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5 things to do this weekend

May 2, 2018

Jeanette Colby, the University calendar editor, offers a selection of events and activities to do this weekend. Log in and check out the University Events Calendar  for more things to do. The calendar features a variety of events at all campuses, including the River Campus, Eastman School, Memorial Art Gallery, and Medical Center.

Flickr user/Susan Montgomery

#1: Watch students in a musical theater showcase

Presented by the Department of Music, the students of Musical Theater Workshop will perform in a one-night only show, “Louder Than Words!: A Musical Showcase” on Friday, May 4. The musical revue is the culmination of a semester-long course in which students learn techniques of acting, interpret a song, and perform scenes from classic American musicals. The course is taught by Kim Kowalke, professor of music, who is musical director of the show; and David Runzo is stage director. The showcase of talented students will feature 18 different musicals, with selections from 110 in the Shade, My Favorite Year, Grease, The Last Five Years, A New Brain, and Baby, the Musical. The showcase is free and open to the public. The performance begins at 8 p.m., in Lower Strong Auditorium, on the River Campus.

#2: Hear Eastman wind ensembles at Kodak Hall

The Eastman Wind Orchestra and the Eastman Wind Ensemble will present a free program on Sunday, May 6. Conducted by Mark Scatterday and Jerry Junkin, the program features Karel Husa’s “Cheetah,” Bruce Yurko’s “In Memoriam: Kristina,” Arnold Schoenberg’s “Theme and Variations, Op. 43a,” and Adam Schoenberg’s “Symphony No. 2 Migration.” About 50 undergraduate and graduate student performers make up the Eastman Wind Ensemble, which is considered America’s first leading wind ensemble. The Eastman Wind Orchestra features the first-year and second-year students. The concert begins at 8 p.m. at Kodak Hall at Eastman Theatre.

#3: Bring the family out for a day of celebration, culture, and art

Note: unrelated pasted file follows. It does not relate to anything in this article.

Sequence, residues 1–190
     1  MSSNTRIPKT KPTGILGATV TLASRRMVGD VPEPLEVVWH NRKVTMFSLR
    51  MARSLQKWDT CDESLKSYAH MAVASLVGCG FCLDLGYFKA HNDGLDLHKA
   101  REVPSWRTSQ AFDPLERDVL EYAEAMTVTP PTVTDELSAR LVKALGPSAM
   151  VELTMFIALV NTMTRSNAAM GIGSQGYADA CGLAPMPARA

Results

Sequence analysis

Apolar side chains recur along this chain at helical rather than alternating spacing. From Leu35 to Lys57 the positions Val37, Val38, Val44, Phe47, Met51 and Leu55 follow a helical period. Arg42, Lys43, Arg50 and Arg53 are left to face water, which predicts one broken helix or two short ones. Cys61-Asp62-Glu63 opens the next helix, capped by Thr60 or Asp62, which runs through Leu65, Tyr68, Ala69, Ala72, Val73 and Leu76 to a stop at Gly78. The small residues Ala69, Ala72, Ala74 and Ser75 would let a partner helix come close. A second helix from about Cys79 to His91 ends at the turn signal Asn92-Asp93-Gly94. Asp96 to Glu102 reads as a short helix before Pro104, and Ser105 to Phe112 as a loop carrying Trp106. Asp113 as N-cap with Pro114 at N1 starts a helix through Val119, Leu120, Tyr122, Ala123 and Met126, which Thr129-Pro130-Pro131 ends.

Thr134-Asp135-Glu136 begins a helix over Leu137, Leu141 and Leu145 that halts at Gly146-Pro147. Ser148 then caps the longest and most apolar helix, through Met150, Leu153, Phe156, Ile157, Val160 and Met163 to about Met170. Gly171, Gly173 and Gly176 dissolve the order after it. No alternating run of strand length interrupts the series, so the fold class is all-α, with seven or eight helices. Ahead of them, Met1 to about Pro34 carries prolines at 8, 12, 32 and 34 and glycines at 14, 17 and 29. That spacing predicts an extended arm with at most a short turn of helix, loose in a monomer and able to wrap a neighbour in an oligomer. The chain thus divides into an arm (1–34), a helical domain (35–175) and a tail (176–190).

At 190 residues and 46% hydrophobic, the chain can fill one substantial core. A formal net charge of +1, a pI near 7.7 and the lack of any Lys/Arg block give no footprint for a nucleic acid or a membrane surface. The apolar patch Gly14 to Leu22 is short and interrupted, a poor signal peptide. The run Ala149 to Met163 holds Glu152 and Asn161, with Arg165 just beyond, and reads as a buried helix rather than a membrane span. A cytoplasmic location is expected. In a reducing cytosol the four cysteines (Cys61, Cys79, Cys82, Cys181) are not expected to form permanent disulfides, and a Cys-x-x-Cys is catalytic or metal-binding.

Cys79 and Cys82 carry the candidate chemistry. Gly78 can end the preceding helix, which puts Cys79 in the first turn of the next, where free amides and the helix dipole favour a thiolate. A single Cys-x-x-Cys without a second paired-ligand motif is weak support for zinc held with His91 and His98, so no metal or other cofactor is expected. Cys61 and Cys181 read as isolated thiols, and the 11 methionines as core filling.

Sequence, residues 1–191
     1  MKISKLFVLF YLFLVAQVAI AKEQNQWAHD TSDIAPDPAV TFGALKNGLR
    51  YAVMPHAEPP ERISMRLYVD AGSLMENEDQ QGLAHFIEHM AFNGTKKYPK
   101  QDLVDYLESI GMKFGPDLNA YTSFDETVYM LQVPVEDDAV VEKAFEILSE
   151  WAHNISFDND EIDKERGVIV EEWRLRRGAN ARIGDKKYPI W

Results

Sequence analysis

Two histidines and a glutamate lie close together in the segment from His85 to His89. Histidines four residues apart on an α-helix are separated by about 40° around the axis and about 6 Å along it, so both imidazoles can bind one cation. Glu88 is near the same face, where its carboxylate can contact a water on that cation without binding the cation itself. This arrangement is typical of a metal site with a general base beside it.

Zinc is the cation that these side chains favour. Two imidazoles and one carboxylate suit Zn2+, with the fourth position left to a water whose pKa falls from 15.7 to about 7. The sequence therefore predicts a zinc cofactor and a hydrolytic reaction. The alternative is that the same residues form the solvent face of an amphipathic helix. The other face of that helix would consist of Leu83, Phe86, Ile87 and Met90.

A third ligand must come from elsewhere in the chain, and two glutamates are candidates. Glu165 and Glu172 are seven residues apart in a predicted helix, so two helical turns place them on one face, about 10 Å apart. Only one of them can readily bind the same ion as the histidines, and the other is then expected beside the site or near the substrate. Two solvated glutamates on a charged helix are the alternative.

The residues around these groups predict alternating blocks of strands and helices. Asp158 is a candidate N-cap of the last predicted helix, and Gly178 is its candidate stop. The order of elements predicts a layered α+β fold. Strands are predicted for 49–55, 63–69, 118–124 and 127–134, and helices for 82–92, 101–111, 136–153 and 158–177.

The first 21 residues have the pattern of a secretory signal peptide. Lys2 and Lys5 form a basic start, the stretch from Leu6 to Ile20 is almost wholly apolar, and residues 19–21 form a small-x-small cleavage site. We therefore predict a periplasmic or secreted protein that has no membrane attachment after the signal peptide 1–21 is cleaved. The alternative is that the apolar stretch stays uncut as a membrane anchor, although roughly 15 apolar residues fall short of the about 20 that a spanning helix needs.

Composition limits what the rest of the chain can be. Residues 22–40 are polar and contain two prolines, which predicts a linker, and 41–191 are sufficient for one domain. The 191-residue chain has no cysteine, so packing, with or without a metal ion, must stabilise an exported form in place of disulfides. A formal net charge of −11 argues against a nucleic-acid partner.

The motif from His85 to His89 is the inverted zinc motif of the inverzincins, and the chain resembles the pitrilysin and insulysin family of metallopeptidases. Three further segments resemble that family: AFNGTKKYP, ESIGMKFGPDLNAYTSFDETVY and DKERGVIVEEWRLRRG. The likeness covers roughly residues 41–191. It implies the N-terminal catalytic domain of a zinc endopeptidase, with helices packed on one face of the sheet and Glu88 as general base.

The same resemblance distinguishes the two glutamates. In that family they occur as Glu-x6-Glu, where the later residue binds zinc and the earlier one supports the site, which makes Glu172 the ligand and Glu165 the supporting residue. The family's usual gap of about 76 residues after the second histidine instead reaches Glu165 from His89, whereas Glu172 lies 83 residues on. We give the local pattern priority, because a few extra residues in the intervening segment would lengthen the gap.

The Memorial Art Gallery will host its annual Asian Pacific American Celebration on Sunday, May 6, from noon to 5 p.m.  Celebrate art, culture, and community with music and dance performances throughout the day. Explore cultural display tables, hear Asian tales with a local storyteller, and see guided tours of the museum’s current collections. There will be workshops by Bollywood Dance Mania and Agape Black Belt Center. Listen to music Ryan Carey on the sitar and the Chinese Choral Society of Rochester. Suggested donation is $5 per family.

#4: See Nobel prize-winning playwright’s plays at Todd Theater

It’s your last chance to get a seat to “The Pinter Plays” playing at Todd Theater on Thursday, May 3, Friday, May 4, or Saturday, May 5. A double bill at Todd Theater, the production includes The Collection and The Lover, considered two of Pinter’s most shocking one-act plays. Pinter’s work and many elements of his writing style are so distinctive that the word “Pinteresque” has entered the theater lexicon. The Collection tells the story of infidelity and jealousy in two households: one same-sex couple and a heterosexual married couple. The Lover is about a couple who grapple with fantasy role-playing games. All performances take place in Todd Theater on the University of Rochester’s River Campus. Tickets are $8 for University of Rochester students; $12 for alumni, faculty, staff, and for seniors (65+); and $15 for the general public. Tickets may be purchased online at http://www.rochester.edu/theater or by calling the box office at (585) 275-4088. Tickets may also be purchased up to an hour before each performance at the box office.

#5: See media art commissioned installation inspired by Rochester

Commissioned by the Memorial Art Gallery, as part of a new media art series, the exhibition Nosferatu (The Undead), a film installation by New York-based artist Javier Tellez, is on view at the museum through June 17. The exhibit focuses on cinema and mental illness and is the first of three exhibitions presented as part of “Reflections on Place,” which is inspired by the city of Rochester and curated by world-renowned authority on the moving image John Hanhardt. Combining black-and-white 16 mm and color digital film, Nosferatu (The Undead) was shot at the Eastman Kodak factory, the Dryden Theatre of the George Eastman Museum, and at the Main Street Armory in Rochester. Admission to the museum is free for University faculty, staff, and students with ID

Category: Campus Announcements